“11 Ways the Integration Business Will Change This Decade” is a wide-ranging analysis by NSCA board members of the future of integration, originally published in the special Pivot to Profit+ section of the Q3 2021 edition of our quarterly trade journal, Integrate. This column discusses healthcare technology advancements in the next decade.
The following healthcare technology advancements are on track to vastly change the acute care arena over the next 10 years.
Internet of Things (IoT)/Internet of Medical Things (IoMT)
We predict the push for integration to accelerate from systems that interconnect either directly or indirectly via APIs and third-party middleware not just to allow for better user experience from an operational perspective, but also to provide improved data aggregation capabilities for live, historical, and predictive insights. While vast amounts of data are collected via nurse call, electronic heath records (EHRs), vital sign tracking systems, notification systems, and real-time locating systems (RTLS) today, it’s rarely analyzed in a comprehensive manner. When it is, then analysts must manually merge data sets from independent systems, which is extremely time-consuming.
We will experience a push to standardize reporting across these systems, likely deploying artificial intelligence for the heavy lifting. As this happens, we will see increased integration, leading to additional interconnected devices. The data produced today is at the level of basic analytics, leading to advanced analytics in the short-term and ultimately predictive analytics, which will look and feel like artificial intelligence and machine learning in the long-term. Nurse call, RTLS, ancillary notification systems, and smart rooms will contribute, but we believe that EHRs will be richest of all. At some point, the data will be sanitized in a manner in which patient-specific information no longer exists, which will allow for sharing and processing. This will lead to quicker diagnoses, better patient outcomes, and an improvement to the health profession.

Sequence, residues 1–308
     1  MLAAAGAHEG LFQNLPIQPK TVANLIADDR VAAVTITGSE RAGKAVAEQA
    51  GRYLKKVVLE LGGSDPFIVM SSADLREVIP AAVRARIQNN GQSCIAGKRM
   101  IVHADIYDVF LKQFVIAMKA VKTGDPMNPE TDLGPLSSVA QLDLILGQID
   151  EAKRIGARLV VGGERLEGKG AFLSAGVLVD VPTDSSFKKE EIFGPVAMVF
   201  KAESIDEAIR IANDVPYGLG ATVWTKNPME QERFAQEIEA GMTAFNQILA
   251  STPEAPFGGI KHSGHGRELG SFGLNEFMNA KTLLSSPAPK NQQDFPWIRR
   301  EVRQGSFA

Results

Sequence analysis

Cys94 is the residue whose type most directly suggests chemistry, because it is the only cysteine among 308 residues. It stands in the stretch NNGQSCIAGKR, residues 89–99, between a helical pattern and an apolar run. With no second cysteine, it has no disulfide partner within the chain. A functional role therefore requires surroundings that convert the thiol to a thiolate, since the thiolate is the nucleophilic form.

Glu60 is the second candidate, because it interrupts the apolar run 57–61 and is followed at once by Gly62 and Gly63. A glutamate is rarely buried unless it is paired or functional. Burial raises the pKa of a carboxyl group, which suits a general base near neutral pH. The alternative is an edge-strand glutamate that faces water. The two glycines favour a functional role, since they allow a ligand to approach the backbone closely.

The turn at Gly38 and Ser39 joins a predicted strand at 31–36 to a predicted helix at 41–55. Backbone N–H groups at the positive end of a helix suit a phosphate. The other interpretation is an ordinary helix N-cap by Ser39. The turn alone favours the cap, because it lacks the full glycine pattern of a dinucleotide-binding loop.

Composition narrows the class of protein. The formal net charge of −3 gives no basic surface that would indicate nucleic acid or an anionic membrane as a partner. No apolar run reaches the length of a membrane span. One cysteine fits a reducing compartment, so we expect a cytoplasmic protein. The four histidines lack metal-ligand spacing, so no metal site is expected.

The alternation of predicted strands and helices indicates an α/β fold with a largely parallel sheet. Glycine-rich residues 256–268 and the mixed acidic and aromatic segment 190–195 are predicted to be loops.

Integration will also be seen in IoT/IoMT, resulting in the proliferation of smart patient rooms. Everything in the room will be connected and will contribute to an improved experience for patients and caregivers. Caregiver workflows will evolve, allowing them to focus on the patient while rooms will “learn” patient preferences and adapt over time. This will likely include room temperature, room brightness, favorite TV channels at certain times, and nurse calling patterns (water, pain, toilet). It will incorporate voice control. Artificial intelligence (AI) will preemptively sense when the patient is attempting to get out of bed, automatically turn the lights on if dark, and notify the nursing staff, which mitigates patient falls. Additionally, AI will be used to predict the onset of post-surgical complications. Perhaps most importantly, AI will allow nurses to document unverified data in the EHR while in the room for confirmation when convenient, ultimately resulting in fully automated documentation.
Currently, hospital systems desire to keep all data, systems, and servers completely within their firewalls to avoid breaches of patient data. This will be a barrier to overcome—and we believe it will be in the long-term, possibly with the adoption of 5G. When the additional bandwidth of 5G is utilized to enhance security to the point that traditional wired networks are no longer necessary to reduce risk and are abandoned, we imagine that all devices we install today will have 5G chipsets incorporated for communications for standard operation and offsite data collection and monitoring. Couple that with predictive device failure, device stress monitoring, and automated service call generation, and we will have maximized IoT/IoMT in the acute care arena within healthcare from the nurse call industry’s perspective.